Is the party finally over for the North American oil boom?
IHS bases its report on a study of 39,000 oil wells. It concludes that if prices for benchmark West Texas Intermediate (WTI) crude oil remain below $60 per barrel, month-to-month U.S. oil production could come to a halt in several months' time. As of Tuesday, WTI was hovering well off its recent lows, at around $53 per barrel.
Global oil prices have lost about half their value since last June, thanks in part to production of shale oil and tar sands from fields in the U.S. and Canada. And while that's been great news for consumers, especially when it comes to gasoline prices, it's bitten hard into the profits and operating budgets of U.S. oil producers and other companies that rely on oil production.
According to the IHS study, about one-quarter of the new wells that started up last year had a break-even WTI price -- that is, the price needed to both cover capital and operating costs, while generating a 10 percent return -- of $40 or less. A bit less than half of those new wells, however, had break-even prices of $60 or less, and close to one-third had break-even prices of $81 or higher.
IHS said more wells will be drilled this year, and it expects U.S. oil production to increase again in 2015. But most of that growth will occur by midyear.
The major oil companies are already acknowledging that things are slowing down. On Tuesday, as part of BP's (BP) report of fourth-quarter 2014 results, it announced it was reducing its annual budget for 2015 to $20 billion, down from nearly $23 billion last year.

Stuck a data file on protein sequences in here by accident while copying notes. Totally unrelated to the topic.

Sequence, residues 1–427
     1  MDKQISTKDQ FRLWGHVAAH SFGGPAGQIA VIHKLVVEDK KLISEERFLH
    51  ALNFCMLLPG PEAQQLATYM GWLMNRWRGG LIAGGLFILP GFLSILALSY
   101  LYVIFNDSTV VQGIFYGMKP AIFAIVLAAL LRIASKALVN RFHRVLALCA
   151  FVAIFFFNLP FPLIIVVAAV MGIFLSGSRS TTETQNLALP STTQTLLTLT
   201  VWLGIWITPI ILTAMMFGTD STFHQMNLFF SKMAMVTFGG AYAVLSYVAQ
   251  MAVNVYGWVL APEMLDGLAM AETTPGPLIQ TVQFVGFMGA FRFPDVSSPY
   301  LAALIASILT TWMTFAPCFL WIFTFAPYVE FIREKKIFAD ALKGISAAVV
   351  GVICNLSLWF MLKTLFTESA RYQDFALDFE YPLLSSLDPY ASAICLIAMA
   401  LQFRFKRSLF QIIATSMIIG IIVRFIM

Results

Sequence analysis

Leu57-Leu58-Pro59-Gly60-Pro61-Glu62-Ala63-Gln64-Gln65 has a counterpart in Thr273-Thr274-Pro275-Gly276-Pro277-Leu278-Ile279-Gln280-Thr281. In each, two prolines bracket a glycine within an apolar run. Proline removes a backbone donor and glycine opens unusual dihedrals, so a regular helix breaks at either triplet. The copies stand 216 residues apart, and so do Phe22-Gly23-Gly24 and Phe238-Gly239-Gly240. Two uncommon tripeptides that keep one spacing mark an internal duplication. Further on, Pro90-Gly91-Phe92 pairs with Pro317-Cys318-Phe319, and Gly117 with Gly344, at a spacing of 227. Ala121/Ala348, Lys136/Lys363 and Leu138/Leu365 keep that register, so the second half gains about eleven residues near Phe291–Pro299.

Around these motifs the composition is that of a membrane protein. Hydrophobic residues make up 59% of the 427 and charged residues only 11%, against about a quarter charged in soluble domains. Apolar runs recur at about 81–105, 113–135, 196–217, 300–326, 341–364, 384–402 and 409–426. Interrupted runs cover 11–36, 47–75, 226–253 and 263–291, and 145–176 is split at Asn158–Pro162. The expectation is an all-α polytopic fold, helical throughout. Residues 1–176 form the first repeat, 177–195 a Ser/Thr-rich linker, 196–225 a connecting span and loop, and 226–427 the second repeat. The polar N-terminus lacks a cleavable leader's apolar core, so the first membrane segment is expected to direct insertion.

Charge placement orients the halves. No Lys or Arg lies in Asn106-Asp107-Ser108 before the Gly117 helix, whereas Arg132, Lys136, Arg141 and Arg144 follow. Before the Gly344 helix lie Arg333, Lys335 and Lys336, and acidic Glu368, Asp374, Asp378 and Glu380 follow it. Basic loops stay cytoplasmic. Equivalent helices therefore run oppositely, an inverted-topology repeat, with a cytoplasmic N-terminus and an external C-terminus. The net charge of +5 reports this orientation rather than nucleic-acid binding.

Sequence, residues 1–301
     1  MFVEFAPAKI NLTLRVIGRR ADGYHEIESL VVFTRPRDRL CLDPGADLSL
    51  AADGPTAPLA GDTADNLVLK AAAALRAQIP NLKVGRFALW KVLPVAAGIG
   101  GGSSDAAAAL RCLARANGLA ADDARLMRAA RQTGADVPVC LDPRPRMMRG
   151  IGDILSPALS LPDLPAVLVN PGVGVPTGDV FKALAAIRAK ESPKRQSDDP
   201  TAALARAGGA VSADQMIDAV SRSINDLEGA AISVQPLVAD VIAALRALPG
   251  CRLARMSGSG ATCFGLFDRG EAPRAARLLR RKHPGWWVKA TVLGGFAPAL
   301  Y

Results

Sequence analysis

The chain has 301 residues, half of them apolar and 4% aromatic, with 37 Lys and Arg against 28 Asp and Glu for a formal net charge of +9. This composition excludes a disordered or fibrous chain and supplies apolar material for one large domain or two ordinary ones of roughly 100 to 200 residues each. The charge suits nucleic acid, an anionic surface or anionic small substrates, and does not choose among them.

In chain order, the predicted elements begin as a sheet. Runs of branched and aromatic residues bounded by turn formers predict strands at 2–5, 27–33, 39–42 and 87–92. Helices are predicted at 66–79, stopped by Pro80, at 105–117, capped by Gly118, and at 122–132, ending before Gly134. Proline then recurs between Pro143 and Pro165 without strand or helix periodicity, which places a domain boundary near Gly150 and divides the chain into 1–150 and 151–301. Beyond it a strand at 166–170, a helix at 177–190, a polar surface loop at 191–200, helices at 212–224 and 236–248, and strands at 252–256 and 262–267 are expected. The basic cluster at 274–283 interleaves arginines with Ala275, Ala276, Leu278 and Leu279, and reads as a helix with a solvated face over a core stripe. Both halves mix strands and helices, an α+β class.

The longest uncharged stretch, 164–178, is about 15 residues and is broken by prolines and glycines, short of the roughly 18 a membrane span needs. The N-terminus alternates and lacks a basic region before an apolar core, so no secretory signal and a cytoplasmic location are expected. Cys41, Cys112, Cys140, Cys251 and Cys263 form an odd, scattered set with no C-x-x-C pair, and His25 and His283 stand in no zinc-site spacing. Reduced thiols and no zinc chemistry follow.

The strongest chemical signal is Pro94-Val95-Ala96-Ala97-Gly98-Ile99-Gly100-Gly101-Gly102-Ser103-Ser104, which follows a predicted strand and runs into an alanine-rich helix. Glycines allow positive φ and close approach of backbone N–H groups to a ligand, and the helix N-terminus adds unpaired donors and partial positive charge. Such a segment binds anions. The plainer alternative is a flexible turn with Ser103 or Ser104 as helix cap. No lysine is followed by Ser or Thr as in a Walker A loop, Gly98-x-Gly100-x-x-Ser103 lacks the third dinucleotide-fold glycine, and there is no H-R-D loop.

Speaking during a conference call BP CEO Bob Dudley said the current situation "reminds me a little bit of (the oil price collapse in) 1986 in terms of the potential for this to be an extended downturn."
I think any time the price of oil drops 60 percent it's not a correction," he added, "it's something different."
"U.S. oil production has been the main engine of global supply growth in recent years," Jim Burkhard, an IHS vice president, said in a statement. "And momentum from strong growth in the second half of 2014 means the impact of lower prices will not immediately drive production lower. But the reality of lower oil prices and less spending on new wells will affect production as 2015 progresses."
At the same time, IHS officials say, a lot can occur -- economically, industrially, geopolitically and otherwise -- that could make all these predictions moot.
"If oil prices remain weak and confidence in future prices remains shaken, U.S. production in 2016 could possibly flatten or even decline," said Raoul LeBlanc, IHS Energy senior director, financial markets and co-author of the report.
"But there is plenty that could happen," he continued, "a recovery in oil prices, lower upstream costs and improved well productivity -- that would quickly change the calculus of drilling new wells and reinvigorate U.S. production growth."